The Fallen Children by David Owen 

I was really excited to read The Fallen Children – I’ve heard a lot about John Wyndam’s The Midwich Cuckoos, so I liked the idea of a modern retelling. 

From the blurb:

Young people on the Midwich Estate don’t have much hope for their futures. Keisha has lived there her whole life, and has been working hard to escape it; others have just accepted their lot.


But change is coming…


One night everyone inside Midwich Tower falls mysteriously unconscious in one inexplicable ‘Nightout’. No one can explain what happened during those lost hours, but soon afterwards Keisha and three other girls find they’re pregnant – and the babies are growing at an alarming rate.


As the news spreads around the tower its residents turn against them and the situation spirals toward violence. Keisha’s life unravels as she realises that the pregnancy may not have just ruined her hopes for the future: she might be mother to the end of the world.

The Fallen Children is a story of violation, of judgment and of young people who must fight to defy what is expected of them.

Keisha, Maida and Siobhan are three teenagers who live at Midwich Towers, a grotty estate. 

Keisha was a bit of a bad girl, but a year ago made the decision to change her ways, after almost getting expelled from school. Keisha dreams of going to university and streams her gaming, asking for donations to her university fund from her viewers.

Maida lives above Keisha with her devout Muslim parents.  Her father is always worried about her going off the rails, and keeps a close watch over all her activities. Maida feels trapped and wants to make her own decisions about her life. 

Siobhan used to be Keisha’s best friend, and they used to get up to lots of shenanigans on the estate with their neighbour and Keisha ex-boyfriend Morris. When Keisha decided to turn over a new leaf, and it was clear Siobhan wasn’t interested in doing the same, Keisha ended their friendship, leaving Siobhan heartbroken.

Morris has left school, but hasn’t been able to find a job. He rather stupidly “borrowed”  £3,000 from his former friend turned drug dealer Tyrone, and doesn’t have the money to pay him back. Morris sent a chunk of the money to his dad in Nigeria, bought some suits for interviews, and put money towards his nan’s nursing home.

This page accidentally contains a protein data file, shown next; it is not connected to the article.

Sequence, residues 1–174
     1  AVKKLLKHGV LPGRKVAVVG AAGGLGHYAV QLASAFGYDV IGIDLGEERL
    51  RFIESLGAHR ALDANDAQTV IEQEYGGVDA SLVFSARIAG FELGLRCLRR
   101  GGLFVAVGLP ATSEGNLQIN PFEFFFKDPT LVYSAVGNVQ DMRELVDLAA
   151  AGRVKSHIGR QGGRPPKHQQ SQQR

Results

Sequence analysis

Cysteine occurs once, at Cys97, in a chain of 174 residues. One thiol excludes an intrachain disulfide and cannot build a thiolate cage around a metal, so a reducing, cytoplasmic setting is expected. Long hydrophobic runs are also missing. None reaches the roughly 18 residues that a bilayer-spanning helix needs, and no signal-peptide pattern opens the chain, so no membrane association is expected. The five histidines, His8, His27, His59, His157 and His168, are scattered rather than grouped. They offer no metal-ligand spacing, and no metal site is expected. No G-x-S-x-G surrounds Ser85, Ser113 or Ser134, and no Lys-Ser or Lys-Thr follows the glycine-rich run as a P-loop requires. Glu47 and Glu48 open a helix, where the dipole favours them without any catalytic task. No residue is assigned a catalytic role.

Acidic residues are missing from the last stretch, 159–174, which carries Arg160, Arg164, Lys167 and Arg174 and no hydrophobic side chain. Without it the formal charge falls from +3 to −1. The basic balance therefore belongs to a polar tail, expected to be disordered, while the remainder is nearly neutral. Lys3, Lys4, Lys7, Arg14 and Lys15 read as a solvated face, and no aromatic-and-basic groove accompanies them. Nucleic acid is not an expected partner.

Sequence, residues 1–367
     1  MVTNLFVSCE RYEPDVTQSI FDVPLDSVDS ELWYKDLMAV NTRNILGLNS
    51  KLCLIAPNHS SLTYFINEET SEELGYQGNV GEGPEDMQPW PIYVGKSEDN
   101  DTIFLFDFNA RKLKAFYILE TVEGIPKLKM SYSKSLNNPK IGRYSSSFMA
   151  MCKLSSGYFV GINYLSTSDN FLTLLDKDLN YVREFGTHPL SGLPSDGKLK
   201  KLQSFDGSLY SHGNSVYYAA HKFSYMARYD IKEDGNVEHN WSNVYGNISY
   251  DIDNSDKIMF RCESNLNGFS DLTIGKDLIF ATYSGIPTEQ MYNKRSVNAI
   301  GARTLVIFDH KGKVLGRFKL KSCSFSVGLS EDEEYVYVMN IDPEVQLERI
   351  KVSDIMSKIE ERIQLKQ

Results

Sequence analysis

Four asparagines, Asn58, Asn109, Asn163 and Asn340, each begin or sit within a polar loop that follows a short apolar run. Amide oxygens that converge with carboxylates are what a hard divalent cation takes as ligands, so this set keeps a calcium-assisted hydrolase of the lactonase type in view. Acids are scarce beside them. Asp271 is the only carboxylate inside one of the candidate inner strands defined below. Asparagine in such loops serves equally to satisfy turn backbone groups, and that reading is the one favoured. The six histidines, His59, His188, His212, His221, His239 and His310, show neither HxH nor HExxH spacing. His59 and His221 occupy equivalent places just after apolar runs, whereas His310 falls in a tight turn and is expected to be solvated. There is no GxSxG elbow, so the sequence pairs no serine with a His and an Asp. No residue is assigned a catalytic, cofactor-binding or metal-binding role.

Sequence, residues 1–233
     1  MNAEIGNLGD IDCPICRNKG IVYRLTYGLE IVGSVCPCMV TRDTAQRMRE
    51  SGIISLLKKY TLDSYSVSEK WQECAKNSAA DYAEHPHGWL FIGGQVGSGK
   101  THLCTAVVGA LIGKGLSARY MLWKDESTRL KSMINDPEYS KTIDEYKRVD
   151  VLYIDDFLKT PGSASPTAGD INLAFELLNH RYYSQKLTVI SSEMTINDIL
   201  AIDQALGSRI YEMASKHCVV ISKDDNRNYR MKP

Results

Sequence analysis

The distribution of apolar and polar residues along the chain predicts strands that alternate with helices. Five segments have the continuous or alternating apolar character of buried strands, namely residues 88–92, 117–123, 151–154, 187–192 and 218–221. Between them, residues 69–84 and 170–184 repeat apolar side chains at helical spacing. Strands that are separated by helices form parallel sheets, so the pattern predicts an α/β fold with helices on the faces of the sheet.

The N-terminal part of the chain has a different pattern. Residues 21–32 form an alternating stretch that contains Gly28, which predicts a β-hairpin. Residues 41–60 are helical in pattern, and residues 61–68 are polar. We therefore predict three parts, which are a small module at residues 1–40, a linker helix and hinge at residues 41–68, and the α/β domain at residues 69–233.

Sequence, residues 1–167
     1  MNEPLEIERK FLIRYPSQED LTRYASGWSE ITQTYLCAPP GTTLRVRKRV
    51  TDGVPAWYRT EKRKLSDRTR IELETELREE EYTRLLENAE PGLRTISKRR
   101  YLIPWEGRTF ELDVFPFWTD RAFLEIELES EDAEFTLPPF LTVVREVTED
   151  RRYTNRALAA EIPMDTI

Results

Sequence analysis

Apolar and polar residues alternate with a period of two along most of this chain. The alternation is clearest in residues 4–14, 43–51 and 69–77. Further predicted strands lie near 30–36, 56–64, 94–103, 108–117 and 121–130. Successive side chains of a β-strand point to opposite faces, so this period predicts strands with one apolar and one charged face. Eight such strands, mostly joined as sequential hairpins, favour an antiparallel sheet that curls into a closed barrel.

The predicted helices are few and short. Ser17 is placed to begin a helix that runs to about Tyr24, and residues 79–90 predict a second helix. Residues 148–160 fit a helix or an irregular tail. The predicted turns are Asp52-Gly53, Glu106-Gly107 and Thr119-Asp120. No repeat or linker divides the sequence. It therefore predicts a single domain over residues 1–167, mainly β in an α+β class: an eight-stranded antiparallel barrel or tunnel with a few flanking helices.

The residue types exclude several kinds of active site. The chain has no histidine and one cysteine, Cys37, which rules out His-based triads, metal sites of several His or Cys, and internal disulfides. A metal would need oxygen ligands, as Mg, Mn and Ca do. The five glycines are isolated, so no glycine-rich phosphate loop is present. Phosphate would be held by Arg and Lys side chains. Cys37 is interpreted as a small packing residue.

Tyrone is threatening to beat the crap out of Morris unless he works for him, or pays back the money he owes, plus extortionate interest. 

One night Tyrone corners Morris with two of his mates, but something strange happens; a weird force field comes over the Tower, and everyone in the vicinity passes out.

Inside the building, everyone is asleep, and something takes advantage of the three unconscious girls, and their neighbour Olivia. 

The next day, all four girls are vomiting bright blue liquid and feel wrong. It becomes clear that they were raped by something or someone, and they have been impregnated. 

The pregnancies are not normal, the foetuses growth is accelerated to a rate of 2 weeks per day, and the girls begin to fear that their babies may be evil…

I’m going to start by saying I loved the science fiction elements of the story. I’m not sure how much of the plot was carried over from John Wyndam’s novel, and how much was from the mind of David Owen.  I have the original book, so I’m going to read that to do a compare and contrast.

Despite the excellent sci-fi elements, I gave this book 2/5 stars on Goodreads. I hated the characters and the social message being pushed by the author. 

 The characters were the most unlikeable, whiney, stupid teenagers ever created. 

Keisha infuriated me. She constantly moaned that people prejudged her, and expected her to get pregnant because of her social situation, but then made no attempt to defend herself or fight to change their views. 

Morris leant money from a drug dealer, refused to pay it back or work it off, and then expected sympathy.  I don’t even know why he borrowed the money, except to look like a hard man in front of his dad on Skype.  The whole thing was ridiculous. In the entirety of the book he didn’t seem to make an effort to get a job, just turned up at the job centre every two weeks to sign on. 

When Keisha gets pregnant Morris is way too into it. It’s disturbing. He refers to the baby as his child, and behaves as though they are instantly a family, but still doesn’t make an effort to step up. 

I hated this book. Hated it. I saw no evidence of the characters fighting to defy expectations, beyond Keisha studying in the first few chapters. I mean, studying is what you’re supposed to do when you’re at school… right? Baffling.

Let me know your thoughts in the comments. 

Cheerio.

Stephani Xx

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